REST API benchmark

After 100 requests, an average response time of 264ms becomes apparent. This is actually much faster than it was last year when I ran the same test on the same server (490ms), but for now let’s just focus on the 264ms average response time as a baseline with which we can judge the results of the custom endpoints.


Next let’s take a look at the custom endpoint that loads the bare minimum files by defining the SHORTINIT constant.

Standalone custom endpoint benchmark

With an average response time of just 29ms (an 89% decrease), it’s clear that this approach is night-and-day faster than using the REST API. This is because only the files needed to serve the request are loaded.

Must Use Plugin Benchmark

Finally let’s take a look at the custom endpoint that was created in the mu-plugin:

Must Use plugin custom endpoint benchmark

With an average response time of 144ms (a 45% decrease compared to the REST API), the performance of this endpoint is somewhere in between the standalone file and the REST API. This makes it a good solution for a custom request handler that can use WordPress core functions without knowing the location of the wp-load.php file.


Response times shouldn’t be your only consideration when developing an application that will send a large amount of requests. It would also be wise to consider the upfront development time as well as any time that you might spend supporting the endpoints.

For some use-cases where performance is critical, such as plugins that process a lot of data in batches or where the potential for plugin/theme conflicts is higher, it might make sense to use a custom endpoint. Most of the time, having a pre-made, officially supported solution will far outweigh the potential performance benefits of creating your own endpoints.

Are you using custom endpoints in your plugin or theme? If so, would you consider making the switch to the REST API? Why or why not? Let me know in the comments.

About the Author

Matt Shaw

Matt is a WordPress plugin developer located near Philadelphia, PA. He loves to create awesome new tools with PHP, Javascript, and whatever else he happens to get his hands on.

  • Phil

    We use the REST API Extensively, but recently have started using a Node.js API middleware to cache and obfuscate the headless wordpress ‘mothership’ API – plus we are using the content in mobile apps, so having the faster Node layer makes it much ‘better’ for growth.

  • I’d be curious to see benchmarking for WPGraphQL (https://github.com/wp-graphql/wp-graphql) queries compared to REST as well. . .in my non-scientific tests, it’s much faster than REST (mostly because with GraphQL queries you can get just the data you need, not entire payloads of data that you might not want or care for). . .it should also get even faster when this DataLoader gets implemented (https://github.com/wp-graphql/wp-graphql/issues/55)

  • Mike Lee

    Great article. I’ve long been drawn to the new REST API but the response times were too slow. For some of the enterprise projects our company works on, I developed a
    custom endpoint to use and since then we’ve had response times 10-15X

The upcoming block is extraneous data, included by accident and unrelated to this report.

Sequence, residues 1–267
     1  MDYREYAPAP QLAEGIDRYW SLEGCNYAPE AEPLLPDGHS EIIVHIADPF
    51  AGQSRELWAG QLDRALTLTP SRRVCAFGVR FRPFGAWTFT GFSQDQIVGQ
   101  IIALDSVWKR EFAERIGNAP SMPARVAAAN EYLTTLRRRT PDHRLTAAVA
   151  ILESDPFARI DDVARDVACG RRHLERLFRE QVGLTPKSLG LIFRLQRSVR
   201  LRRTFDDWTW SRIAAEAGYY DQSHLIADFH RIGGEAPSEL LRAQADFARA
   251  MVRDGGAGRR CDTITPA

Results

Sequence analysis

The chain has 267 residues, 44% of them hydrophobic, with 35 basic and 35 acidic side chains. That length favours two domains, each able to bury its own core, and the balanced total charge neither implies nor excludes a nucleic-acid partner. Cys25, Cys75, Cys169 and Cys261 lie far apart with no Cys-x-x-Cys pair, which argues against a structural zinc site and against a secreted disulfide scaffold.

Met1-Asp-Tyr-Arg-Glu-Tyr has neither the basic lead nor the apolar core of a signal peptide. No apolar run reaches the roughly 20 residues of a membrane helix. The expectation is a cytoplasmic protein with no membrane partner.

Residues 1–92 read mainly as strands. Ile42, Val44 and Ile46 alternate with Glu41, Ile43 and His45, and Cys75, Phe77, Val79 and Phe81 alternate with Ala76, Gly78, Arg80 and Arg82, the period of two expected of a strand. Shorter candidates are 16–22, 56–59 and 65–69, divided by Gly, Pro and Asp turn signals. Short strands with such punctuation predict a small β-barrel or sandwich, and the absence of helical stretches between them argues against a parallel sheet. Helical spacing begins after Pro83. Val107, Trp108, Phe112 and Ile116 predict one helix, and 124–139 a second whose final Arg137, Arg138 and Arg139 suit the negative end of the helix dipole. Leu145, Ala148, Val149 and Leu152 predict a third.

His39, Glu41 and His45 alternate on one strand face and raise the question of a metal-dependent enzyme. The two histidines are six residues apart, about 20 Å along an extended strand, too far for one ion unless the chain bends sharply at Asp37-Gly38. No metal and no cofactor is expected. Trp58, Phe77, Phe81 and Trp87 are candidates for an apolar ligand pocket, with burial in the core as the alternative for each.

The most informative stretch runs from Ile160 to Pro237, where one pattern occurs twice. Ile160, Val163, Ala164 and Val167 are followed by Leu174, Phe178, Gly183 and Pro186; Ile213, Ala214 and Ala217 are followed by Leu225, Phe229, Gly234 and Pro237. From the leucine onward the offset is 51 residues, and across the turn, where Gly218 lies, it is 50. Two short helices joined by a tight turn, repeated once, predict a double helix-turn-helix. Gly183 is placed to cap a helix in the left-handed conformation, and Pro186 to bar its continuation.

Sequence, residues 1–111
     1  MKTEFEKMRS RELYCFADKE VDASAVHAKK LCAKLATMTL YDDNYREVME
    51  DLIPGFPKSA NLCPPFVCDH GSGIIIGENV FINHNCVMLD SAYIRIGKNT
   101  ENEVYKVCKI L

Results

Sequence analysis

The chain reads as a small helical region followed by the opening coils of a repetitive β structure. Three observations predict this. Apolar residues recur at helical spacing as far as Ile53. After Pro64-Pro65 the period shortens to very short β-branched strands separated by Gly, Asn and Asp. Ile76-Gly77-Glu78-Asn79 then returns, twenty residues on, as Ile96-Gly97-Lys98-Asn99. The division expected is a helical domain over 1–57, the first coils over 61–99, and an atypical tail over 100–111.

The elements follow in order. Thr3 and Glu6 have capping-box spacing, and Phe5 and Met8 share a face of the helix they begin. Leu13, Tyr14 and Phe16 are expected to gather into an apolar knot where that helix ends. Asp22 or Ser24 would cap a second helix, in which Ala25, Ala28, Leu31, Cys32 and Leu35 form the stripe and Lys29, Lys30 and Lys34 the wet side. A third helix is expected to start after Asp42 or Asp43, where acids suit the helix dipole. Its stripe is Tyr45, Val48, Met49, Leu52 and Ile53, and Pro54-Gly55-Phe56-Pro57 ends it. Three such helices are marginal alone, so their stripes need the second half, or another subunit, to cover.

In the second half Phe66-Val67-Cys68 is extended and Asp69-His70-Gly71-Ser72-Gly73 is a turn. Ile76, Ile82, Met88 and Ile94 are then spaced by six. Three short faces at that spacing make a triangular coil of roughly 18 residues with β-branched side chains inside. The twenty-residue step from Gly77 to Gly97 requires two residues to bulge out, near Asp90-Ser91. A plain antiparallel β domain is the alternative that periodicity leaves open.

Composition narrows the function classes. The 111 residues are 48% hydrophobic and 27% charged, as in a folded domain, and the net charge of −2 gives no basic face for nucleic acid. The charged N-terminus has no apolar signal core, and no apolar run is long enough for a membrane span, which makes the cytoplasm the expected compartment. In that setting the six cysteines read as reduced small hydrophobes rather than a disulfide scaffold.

faster than the standard admin-ajax.php endpoint. One example is an AJAX request I wrote to extend a user’s session (our users have 15 min sessions, but so long as they’re clicking around and showing activity we extend the session on each click). Admin-ajax.php was generally 700-1000ms roundtrip.

    Our custom solution is generally 55-80ms in the Production application. We use SHORTINT in a file that sits in the docroot, achieved by pulling in only some of WP’s core (which also means we have to hand-tune which files are loaded from the Core so that things like WP_Query work). It’s added development time to maintain it, of course, but it also
    allows us to tune the returned JSON to be much more specific (sort of
    like what you’d get from GraphQL in some ways). And since our application uses a ton of ajax, loading up only parts of WP’s core on each request has helped cpu/memory stay on the lower side as things have scaled.

  • Another good read, Matt. I did a similar comparison for a custom situation I was in and decided in favour of building a custom API myself. Though, it was a refreshing experiment.

  • Interesting stuff. Was this with or without an opcode cache (e.g. opcache) and a persistent object cache (e.g. memcached, redis)?

    • Matt Shaw

      Thanks! This was done without any caching, although it might be cool to run similar benchmarks with different types of caching in a follow up.

      • I reckon so. An opcode cache should reduce the impact of those huge plugins on the results, even in PHP 7. Quite likely memcached / redis would thin the difference a little more, albeit not as much as an opcode cache.

  • guy

    Great information, interesting insight as always. It would be great if you guys could write a full and unbiased post about the security of the WP Rest API. This is one area of the WP REST API that seems to put a lot of people off embracing it, especially while the “big name” security plugin developers flag it as a “threat”..

  • schwarz45234

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  • This is fantastic for performance, but it seems like rest_api_init is ignored in the custom file (using the SHORTINIT method). Are you then responsible for writing all routing logic? Or are there other files to include to use register_rest_route to actually utilize the WordPress REST methods?

    For example – I have a .htaccess rule routing all requests for “wp-json” (or “api” tried fully custom on that) to my custom endpoint.php file, but rest_api_init is ignored and the callback doesn’t fire. I’ll keep up the trial and error, but any tips to save me a headache or 10?

  • poplin42346